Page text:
Drug Dealing Pilot Who Attempted to Hire a Hitman is Sentenced to Federal Prison
Tried to Hire a Hitman to Kill an Associate
MEDFORD, Ore.—A Josephine County, Oregon man who distributed marijuana throughout the U.S. using his private airplane, and who hired a hitman to kill a drug trafficking associate, was sentenced to federal prison today.
John Tobe Larson, 71, was sentenced to 35 months in federal prison and five years of supervised release.
According to court documents, in May 2019, law enforcement received reports that Larson was distributing marijuana from Southern Oregon throughout the U.S. via his private airplane and smuggling bulk cash proceeds back into the state. Investigators learned Larson had expressed interest in hiring someone to murder an associate he believed threatened his drug trafficking enterprise. Following these revelations, investigators staged a series of undercover meetings with Larson wherein a federal law enforcement officer posed as someone willing to carry out Larson’s murder-for-hire scheme.
In meetings with the undercover officer, Larson disclosed the identity of his targeted associate, discussed his reasoning for wanting the associate killed, and offered to pay the officer $20,000 to carry out the scheme. At their third and final meeting, federal agents arrested Larson and executed a search warrant on his residence and airplane hangar. Agents seized various items associated with Larson’s trafficking scheme including his airplane, approximately $100,000 in cash, and marijuana distillate.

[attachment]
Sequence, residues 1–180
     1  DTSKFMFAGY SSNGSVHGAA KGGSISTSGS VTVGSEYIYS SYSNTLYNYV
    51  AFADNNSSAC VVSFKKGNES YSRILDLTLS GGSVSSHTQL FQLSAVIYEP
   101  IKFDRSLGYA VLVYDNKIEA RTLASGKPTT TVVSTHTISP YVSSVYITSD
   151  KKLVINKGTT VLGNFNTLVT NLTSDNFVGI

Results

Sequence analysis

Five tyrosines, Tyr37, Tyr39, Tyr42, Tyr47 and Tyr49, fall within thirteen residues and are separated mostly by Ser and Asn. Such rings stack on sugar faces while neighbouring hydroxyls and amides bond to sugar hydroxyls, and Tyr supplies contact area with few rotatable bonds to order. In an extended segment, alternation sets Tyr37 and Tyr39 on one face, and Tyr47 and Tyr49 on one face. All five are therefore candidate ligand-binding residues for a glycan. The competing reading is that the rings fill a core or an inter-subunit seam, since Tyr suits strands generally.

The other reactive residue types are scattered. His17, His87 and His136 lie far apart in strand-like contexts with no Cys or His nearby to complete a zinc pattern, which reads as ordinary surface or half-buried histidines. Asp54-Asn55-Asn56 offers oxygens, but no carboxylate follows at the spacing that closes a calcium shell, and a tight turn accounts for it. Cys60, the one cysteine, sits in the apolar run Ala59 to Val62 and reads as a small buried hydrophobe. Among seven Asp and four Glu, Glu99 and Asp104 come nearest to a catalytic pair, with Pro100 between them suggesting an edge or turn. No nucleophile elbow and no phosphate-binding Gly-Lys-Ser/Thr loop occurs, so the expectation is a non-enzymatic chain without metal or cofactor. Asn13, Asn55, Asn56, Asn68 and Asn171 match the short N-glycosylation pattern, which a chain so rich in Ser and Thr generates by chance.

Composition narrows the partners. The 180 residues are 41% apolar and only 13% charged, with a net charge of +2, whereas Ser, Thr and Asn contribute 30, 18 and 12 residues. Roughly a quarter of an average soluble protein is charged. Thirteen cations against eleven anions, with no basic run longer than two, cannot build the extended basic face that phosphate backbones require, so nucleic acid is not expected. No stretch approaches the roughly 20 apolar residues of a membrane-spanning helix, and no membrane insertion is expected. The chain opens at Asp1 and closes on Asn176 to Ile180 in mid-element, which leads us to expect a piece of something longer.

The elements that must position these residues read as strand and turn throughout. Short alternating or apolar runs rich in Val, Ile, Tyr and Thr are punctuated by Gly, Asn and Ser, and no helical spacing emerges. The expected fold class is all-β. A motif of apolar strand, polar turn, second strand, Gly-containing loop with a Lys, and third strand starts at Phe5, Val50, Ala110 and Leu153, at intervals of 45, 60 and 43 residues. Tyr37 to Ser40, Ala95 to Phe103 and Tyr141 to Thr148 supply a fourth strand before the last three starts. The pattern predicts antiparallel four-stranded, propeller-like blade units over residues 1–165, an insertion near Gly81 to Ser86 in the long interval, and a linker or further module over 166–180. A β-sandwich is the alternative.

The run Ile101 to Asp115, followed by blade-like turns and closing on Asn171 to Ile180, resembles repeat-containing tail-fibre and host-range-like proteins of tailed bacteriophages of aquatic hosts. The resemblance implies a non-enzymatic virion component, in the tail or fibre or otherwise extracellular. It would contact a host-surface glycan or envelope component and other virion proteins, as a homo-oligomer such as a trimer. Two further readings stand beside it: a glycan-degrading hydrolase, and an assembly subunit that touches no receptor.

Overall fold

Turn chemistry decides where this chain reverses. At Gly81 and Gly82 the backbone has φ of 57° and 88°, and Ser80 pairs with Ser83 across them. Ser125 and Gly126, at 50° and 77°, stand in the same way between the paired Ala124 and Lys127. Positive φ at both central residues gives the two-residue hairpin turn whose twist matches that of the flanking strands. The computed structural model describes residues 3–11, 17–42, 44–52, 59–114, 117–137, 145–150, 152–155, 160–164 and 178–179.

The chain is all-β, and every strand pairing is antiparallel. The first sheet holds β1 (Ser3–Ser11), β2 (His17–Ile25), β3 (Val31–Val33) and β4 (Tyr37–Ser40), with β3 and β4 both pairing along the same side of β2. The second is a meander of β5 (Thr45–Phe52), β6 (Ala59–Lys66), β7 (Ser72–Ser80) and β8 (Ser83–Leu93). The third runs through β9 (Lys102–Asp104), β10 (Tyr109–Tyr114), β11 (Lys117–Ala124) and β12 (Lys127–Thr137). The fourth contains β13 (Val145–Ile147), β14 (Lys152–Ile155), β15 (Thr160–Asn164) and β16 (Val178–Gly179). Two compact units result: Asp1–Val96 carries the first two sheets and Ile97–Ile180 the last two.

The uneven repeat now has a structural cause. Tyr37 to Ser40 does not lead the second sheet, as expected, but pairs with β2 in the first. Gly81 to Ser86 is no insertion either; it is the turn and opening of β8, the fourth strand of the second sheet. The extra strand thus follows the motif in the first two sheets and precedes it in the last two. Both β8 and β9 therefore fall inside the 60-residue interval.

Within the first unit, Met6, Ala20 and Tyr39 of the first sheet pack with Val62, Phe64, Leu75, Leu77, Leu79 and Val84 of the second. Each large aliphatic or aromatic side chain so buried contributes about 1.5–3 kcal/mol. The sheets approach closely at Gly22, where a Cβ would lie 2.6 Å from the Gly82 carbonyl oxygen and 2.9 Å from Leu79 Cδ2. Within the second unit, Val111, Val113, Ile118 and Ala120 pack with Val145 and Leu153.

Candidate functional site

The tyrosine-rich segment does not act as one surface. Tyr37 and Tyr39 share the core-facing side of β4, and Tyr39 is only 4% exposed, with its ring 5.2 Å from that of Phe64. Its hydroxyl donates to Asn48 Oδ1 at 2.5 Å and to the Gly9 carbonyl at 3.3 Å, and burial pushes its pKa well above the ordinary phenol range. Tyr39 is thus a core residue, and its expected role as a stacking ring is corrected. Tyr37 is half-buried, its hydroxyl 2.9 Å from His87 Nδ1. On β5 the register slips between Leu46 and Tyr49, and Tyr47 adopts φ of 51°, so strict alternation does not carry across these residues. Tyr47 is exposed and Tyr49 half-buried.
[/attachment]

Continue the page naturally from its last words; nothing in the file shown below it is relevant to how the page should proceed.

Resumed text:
On July 22, 2019, Larson was charged by criminal complaint with using interstate commerce facilities in the commission of a murder-for-hire. Later, on October 15, 2020, a federal grand jury in Medford indicted Larson on the same charge and added a second charge of possessing with intent to distribute a controlled substance. On April 20, 2022, Larson pleaded guilty to the drug trafficking charge.
U.S. Attorney Scott Erik Asphaug of the District of Oregon made the announcement.
This case was investigated by the U.S. Drug Enforcement Administration and the Bureau of Alcohol, Tobacco, Firearms, and Explosives with assistance from the Oregon State Police Southwest Region Drug Enforcement Section team. It was prosecuted by Marco Boccato, Assistant U.S. Attorney for the District of Oregon.